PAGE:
Tech comm education and the job market

One of the many informative experiences I had at this year’s WriteTheDocs 2018 conference was my chat with employers/recruiters at the Job Fair. My primary goal was to learn what they looked for in their technical communication interns and entry level recruits, so I could bring that back to school. What I learned was not surprising, having only recently left industry for academia, but it was a wake-up call.

Recruiters want people (even their interns) who have experience and they want current and relevant experience.

I agree, that’s a bit of a Dog bites man story. Of course they do. All other things being equal, having current and relevant experience is almost always better than not. I suspect it is because the assumption is that with it, the person will become a productive team member sooner than later. What I think is often overlooked is how other idiosyncratic aspects of the specific job might have a greater influence in the time to productivity, such as the onboarding support (discussed in Sarah Day’s talk at this year’s conference), but that’s not something that I, as an educator, have much control over (unless you’re hiring me to consult on the process, of course).

What an intern needs

One of the things I have to keep in mind when reviewing my notes is that I was at a software documentation conference and the companies I talked to were software companies with open-source software products to document. In that context, it was natural that they were looking for writers with experience in their product domains: open-source tool experience (Git, GitHub, Markdown, etc.) They also looked for a passion for documentation—as evidenced by experience in such tools (e.g. documenting an open-source project in GitHub). I don’t know how many of these observations transfer to looking for writers in other industries.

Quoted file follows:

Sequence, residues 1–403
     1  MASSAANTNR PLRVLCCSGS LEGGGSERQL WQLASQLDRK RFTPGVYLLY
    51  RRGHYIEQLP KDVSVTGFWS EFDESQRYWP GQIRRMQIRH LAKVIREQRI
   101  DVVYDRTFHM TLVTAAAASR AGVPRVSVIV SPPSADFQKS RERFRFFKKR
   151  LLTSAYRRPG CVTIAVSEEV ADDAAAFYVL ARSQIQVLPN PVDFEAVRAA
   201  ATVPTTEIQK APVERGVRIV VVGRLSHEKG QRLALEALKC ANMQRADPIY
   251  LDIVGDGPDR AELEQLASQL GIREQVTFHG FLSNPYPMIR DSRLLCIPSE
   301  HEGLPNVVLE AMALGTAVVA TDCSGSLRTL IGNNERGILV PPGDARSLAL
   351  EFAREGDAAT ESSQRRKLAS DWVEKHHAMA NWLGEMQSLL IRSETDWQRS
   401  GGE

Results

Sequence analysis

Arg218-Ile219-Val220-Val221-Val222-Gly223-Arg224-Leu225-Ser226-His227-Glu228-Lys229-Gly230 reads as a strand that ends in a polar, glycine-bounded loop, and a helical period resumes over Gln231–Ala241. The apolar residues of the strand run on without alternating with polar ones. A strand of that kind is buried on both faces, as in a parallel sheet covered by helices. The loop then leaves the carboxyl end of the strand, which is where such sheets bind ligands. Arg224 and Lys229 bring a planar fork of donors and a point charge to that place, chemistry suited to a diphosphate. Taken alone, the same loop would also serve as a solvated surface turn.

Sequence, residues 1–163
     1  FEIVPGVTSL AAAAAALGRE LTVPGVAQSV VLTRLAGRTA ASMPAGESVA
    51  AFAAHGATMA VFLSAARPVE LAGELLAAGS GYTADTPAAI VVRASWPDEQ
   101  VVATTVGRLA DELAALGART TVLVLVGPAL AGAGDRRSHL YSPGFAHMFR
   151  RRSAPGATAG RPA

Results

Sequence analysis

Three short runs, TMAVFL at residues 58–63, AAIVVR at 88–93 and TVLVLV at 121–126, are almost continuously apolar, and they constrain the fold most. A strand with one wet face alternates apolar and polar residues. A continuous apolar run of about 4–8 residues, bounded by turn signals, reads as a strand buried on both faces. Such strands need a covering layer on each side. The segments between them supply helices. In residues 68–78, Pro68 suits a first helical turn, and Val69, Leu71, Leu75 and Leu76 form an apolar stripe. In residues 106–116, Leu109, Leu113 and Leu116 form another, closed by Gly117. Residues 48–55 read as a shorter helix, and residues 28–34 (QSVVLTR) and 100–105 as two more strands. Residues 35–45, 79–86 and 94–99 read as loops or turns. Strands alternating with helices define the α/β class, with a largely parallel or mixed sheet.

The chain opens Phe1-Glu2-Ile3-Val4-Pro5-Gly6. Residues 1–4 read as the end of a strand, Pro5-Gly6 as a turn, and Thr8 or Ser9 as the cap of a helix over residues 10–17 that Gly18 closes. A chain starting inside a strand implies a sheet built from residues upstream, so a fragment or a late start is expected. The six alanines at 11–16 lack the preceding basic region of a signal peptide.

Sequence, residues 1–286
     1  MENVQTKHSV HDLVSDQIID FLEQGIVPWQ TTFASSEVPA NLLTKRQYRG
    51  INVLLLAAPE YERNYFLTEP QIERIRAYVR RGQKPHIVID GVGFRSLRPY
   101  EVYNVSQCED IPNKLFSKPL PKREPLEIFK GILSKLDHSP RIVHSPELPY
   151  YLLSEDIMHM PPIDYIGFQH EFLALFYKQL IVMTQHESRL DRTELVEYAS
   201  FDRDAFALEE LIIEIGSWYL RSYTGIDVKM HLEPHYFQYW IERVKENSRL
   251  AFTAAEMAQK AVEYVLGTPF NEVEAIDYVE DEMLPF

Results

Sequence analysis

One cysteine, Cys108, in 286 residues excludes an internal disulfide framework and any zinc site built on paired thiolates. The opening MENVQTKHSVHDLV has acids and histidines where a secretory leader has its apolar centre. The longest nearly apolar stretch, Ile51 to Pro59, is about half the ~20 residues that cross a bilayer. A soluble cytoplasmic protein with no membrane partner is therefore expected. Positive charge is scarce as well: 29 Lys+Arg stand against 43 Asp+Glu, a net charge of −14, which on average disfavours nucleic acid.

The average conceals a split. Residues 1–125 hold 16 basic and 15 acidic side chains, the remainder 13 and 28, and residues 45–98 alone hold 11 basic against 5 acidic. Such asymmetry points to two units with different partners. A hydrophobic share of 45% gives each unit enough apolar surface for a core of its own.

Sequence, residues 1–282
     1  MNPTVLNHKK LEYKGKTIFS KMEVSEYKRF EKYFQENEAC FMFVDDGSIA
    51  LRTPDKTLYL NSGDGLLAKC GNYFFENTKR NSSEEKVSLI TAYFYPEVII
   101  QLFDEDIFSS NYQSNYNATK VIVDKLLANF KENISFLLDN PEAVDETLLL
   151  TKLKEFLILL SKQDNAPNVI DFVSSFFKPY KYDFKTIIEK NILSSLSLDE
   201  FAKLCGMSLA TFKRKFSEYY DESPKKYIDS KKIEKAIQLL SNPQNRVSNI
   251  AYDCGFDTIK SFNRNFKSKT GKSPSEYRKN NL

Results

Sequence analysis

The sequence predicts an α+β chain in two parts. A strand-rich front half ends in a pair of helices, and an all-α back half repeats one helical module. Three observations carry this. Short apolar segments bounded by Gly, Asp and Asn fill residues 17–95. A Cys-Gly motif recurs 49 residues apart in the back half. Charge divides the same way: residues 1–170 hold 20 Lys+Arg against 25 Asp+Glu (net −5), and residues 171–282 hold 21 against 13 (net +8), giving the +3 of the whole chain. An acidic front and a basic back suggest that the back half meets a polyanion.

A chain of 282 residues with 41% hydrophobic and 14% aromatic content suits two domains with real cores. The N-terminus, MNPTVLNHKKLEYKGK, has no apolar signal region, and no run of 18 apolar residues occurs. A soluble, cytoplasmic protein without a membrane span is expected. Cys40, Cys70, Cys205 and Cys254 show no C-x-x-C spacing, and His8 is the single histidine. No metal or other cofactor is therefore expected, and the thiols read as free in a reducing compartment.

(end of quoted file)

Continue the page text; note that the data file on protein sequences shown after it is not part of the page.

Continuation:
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Still catching up…

Photo of stacks of archived patient files
Archived paper patient files from one of the clinics I visited this summer.

It seems as though I’ve been “catching up” since I started as an assistant professor, and I’m not sure I’ve gotten any better, but I keep trying.

Summer break is just weeks from turning into the Fall semester where I’ll dive into my second year as an Assistant Professor. While I’m looking forward to it, I really need two more months of summer to catch up.

As I get used to academia, I’m finding the term Summer break to be a bit misleading. While it’s a break in the academic year, I’ve been too busy to consider it much of a break. Granted, I’ve been having fun, and it’s nice that work is fun.

Summer started off with a trip to Honduras, where I was able to conduct some site visits and contextual inquiries in how limited-resource health clinics manage their records. After two weeks of visiting five different clinics in Honduras, I came back with enough research to complete a conference paper, start a journal article, apply for a grant, and get an internship for one of our TC students…and that was all before the spring semester had officially ended.

After returning, of course, I had to actually produce the papers for which I’d collected the data and prepare for the conference presentation that I’ll be making next week with two professors from my department at the IEEE ProComm 2017 conference in Madison, WI.

One happy coincidence I had this summer was to meet some super technical writers from the Denver-Boulder (Colorado) area at a Write-the-Docs meetup. As luck would have it, their meeting and my travel managed to coincide last night in Broomfield, CO and I got to meet some of the tech writers that, until last night, only knew through email and the WTD forum.

But, busy is good. I’m looking forward to next week’s conference and, of course, the semester that starts just a few weeks after that.